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David B. Monaghan

David B. Monaghan.

“Free college” (sometimes called Promise) programs are common in U.S. higher education. Reviewing 88 studies of 25 state and local programs, I provide a nuanced picture of the mechanisms through which these programs may work and their likely effects on students, communities, and colleges. Some commonly-claimed mechanisms for these effects—e.g., improving secondary school environments or impacting residential decisions—lack empirical support or are implausible for most existing programs. Programs are consistently found to shift college-bound students to colleges where they can use more scholarship dollars, increase enrollment at eligible colleges, and (for generous local programs only) increase community school district enrollment. Less consistently, programs boost college participation and thereby degree attainment, but evidence for direct effects on college performance, persistence or completion net of enrollment is weak. There is insufficient or inconsistent evidence for program effects on secondary school performance and graduation, post-college income and debt, community population or property values, and inequality reduction according to gender, race, or socioeconomic status.

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David B. Monaghan, Crystal Almanzar, Madison Laughman, Allyson Ritchie.

Promise programs are discussed as a policy movement that began with the 2005 launch of the Kalamazoo Promise. Since then, programs bearing the Promise label or sharing similar features have spread across the higher educational landscape, appearing in most states and across postsecondary sectors. Simultaneously, scholarly literature discussing these programs has burgeoned. And yet, scholars and others are unable to formulate a clear conception of what a Promise program is and what if anything sets such a program apart from other scholarship programs (e.g., state need-based grants). In this paper, we examine how scholars have discussed these programs over time. We begin with the initial theorization of the Kalamazoo Promise as a case and observe its use as a prototype in the formulation of a general model once “Promise program” was established as a category. We follow how the spread and transformation of “Promise programs” was reflected in repeated partial reconceptualization. We find three competing conceptual models emerging in sequence: 1) a thick, place-based causal model derived as a generalization of the Kalamazoo Promise, 2) a thin empirical model crafted in the aftermath of the launch of the Tennessee Promise, and 3) a partially acknowledged minimal or symbolic model advanced haltingly in response to critiques of last-dollar community college state programs. Scholarly conceptualization is largely reactive to empirical program diffusion and transformation, though scholarly idealization may have played a role in this diffusion itself.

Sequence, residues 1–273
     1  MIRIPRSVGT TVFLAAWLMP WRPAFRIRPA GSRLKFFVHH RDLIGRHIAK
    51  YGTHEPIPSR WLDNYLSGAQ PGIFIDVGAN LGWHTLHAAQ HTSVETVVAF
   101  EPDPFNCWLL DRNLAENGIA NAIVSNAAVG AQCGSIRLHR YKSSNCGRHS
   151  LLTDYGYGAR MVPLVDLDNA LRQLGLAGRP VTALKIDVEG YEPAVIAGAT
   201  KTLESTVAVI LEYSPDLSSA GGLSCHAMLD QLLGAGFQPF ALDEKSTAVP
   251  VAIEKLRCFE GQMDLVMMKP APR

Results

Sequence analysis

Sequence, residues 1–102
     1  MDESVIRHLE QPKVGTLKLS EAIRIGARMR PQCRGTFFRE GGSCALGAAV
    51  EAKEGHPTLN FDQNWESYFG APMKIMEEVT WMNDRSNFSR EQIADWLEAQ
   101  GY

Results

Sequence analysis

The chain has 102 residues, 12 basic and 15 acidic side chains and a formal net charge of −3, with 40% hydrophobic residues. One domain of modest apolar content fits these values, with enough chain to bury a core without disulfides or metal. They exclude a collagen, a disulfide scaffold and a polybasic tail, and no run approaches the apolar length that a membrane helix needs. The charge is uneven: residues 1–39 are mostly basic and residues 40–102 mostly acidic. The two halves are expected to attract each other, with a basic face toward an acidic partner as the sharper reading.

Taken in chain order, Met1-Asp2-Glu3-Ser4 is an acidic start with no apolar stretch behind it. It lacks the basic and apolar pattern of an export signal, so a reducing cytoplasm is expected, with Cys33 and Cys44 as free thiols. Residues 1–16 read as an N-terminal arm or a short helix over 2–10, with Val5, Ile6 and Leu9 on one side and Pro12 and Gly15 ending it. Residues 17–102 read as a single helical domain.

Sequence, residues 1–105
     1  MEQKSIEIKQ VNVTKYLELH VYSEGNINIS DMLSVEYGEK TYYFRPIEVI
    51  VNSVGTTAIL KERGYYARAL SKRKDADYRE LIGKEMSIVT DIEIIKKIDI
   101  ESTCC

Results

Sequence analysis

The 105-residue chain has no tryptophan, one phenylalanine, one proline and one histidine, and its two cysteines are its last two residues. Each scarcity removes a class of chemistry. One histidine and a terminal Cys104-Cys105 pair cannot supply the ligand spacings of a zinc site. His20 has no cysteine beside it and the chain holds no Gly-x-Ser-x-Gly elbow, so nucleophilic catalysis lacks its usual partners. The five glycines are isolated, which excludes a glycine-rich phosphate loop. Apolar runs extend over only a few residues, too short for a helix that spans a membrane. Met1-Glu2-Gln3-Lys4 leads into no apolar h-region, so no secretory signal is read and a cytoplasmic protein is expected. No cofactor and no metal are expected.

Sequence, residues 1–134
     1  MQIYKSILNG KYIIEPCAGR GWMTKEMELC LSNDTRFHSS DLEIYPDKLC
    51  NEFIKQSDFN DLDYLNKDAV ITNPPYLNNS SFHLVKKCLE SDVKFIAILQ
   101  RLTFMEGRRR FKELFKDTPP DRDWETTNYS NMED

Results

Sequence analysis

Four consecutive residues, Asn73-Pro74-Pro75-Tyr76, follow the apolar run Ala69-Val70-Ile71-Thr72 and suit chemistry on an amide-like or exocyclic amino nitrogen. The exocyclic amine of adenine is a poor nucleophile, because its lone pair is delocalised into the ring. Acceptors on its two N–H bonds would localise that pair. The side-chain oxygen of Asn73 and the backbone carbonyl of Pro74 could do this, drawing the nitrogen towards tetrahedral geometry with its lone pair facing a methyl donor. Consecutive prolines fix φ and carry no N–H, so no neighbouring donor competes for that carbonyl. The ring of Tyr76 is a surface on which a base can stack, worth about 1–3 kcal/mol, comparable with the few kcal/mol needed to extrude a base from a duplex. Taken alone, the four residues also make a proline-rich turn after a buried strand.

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Drew M. Anderson, David B. Monaghan, Jed Richardson.

This study found that the MATC Promise increased college attainment by encouraging Milwaukee high school students to access state and federal aid, and to consider matriculating to their local two-year college. The MATC Promise exemplifies the last-dollar model of college aid. If seniors at Milwaukee area public high schools complete academic milestones, apply for financial aid, qualify based on low family income, and matriculate to Milwaukee Area Technical College (MATC), then the Promise covers any remaining tuition charges. The message promoting free college was the program’s main element, since the funding support for eligible students came primarily from existing state and federal aid. We studied outcomes for the first four graduating classes after the Promise was launched, compared to the trend in Milwaukee for the previous six graduating classes. The rate of matriculation to MATC increased from 10 percent to 15 percent. There was no such increase in matriculation to other technical college districts around the state, suggesting that the increase was caused by the Promise. The increase in enrollment was larger among lower-income students and those in the urban Milwaukee Public Schools. Those students were more likely to apply for financial aid earlier, regardless of whether they ultimately qualified for the Promise, and their rate of matriculation to any college increased from 45 percent to 49 percent. There was no indication that attracting additional students to college led to lower graduation rates, though we were limited to examining credentials earned in two years or less.

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